Stuart: Criminals can use pepper spray too
Amidst continued calls for the legalisation of the use of pepper spray as a means of protection by citizens, Government says the matter is still the subject of “careful review”.
Giving an update on the consideration for the use of the non-lethal weapon in light of the recent murders of three women over a four day period, National Security Minister Stuart Young said Government is in the process of considering the “overall effects” of legalising the carrying and use of pepper spray in Trinidad and Tobago.
He was responding to a question posed by Couva North MP Ramona Ramdial on whether consideration was given to recommending pepper spray as legal for women to carry and use against their attackers.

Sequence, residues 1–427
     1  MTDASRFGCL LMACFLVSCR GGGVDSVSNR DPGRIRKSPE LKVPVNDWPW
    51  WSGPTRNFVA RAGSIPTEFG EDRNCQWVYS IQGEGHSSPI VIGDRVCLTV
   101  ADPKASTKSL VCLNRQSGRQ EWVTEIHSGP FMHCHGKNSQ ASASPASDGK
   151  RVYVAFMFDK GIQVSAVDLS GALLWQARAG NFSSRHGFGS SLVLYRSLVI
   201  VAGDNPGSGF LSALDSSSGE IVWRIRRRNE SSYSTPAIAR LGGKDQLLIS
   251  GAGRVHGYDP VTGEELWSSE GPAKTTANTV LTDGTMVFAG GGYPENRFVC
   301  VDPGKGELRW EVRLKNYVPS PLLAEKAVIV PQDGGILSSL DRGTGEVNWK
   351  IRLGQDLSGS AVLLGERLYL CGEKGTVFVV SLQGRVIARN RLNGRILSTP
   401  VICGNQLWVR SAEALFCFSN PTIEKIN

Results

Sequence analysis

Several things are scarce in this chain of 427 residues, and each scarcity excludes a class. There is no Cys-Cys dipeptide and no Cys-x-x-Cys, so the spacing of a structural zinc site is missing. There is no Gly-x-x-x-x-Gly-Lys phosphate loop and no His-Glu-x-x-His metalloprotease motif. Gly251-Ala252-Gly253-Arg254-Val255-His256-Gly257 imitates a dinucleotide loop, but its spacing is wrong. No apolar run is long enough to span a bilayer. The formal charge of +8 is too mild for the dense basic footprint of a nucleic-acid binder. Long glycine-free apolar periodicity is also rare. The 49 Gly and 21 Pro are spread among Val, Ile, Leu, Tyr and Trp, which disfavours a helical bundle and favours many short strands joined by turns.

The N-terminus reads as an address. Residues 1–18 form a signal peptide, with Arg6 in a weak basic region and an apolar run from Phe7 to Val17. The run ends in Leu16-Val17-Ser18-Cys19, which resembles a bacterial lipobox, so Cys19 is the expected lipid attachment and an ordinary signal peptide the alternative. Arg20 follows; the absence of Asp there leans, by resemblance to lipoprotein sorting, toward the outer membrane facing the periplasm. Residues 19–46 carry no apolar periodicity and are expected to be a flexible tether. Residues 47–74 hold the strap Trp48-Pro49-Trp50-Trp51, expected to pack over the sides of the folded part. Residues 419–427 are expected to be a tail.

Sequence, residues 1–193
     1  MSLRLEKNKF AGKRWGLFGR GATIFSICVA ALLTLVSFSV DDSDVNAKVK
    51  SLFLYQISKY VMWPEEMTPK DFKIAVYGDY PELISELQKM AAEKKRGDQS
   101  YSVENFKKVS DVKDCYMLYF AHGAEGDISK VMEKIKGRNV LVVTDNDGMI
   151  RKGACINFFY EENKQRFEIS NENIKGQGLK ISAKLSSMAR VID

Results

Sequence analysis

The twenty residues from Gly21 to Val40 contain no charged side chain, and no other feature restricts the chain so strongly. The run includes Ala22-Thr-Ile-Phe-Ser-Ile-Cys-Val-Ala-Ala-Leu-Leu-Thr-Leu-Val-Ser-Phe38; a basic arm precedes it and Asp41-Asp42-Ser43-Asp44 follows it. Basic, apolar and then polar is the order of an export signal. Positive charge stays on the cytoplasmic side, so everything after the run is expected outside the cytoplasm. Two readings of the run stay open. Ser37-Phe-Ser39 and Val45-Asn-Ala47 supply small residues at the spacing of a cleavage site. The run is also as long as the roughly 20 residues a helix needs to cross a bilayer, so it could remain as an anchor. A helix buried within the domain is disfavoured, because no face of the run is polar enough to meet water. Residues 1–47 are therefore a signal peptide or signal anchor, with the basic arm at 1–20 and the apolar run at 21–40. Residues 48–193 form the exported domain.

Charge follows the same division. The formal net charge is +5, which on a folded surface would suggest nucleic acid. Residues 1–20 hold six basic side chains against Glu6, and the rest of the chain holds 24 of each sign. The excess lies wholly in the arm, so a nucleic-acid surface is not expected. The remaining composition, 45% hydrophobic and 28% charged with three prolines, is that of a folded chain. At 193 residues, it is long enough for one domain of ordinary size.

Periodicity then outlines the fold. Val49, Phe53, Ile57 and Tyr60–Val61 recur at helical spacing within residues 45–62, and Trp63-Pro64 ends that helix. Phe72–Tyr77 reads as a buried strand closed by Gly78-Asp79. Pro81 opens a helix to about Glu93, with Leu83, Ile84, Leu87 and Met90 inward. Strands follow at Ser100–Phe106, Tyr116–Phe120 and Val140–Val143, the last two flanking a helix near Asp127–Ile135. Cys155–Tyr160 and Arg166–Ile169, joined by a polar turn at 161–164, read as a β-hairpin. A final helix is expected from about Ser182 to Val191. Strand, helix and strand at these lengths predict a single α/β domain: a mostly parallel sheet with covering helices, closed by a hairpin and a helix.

Condemning the recent attacks against women, Young said Government is very mindful of the occurrence of serious crimes against women and young girls.
The matter has been before the authorities for consideration for some time. In September 2017, Prime Minister Dr Keith Rowley indicated that the Acting Police Commissioner was giving the matter “active consideration” to the legalisation of pepper spray, and “anticipate a decision in the not too distant future”.
But, the National Security Minister said in bringing the amendment to current legislation regarding its use, Government must find a way to prevent its use by criminal elements.
He said that by amending the Firearms Act 15:01 Sec 2 which specifically highlights prohibited weapons and identifies the use of pepper spray as an offence, it would not only allow women to carry pepper spray but also the criminal elements.
“Therefore, consideration of such an amendment requires a very careful review which is being undertaken; how could we find a way to exclude the criminal elements,” Young said.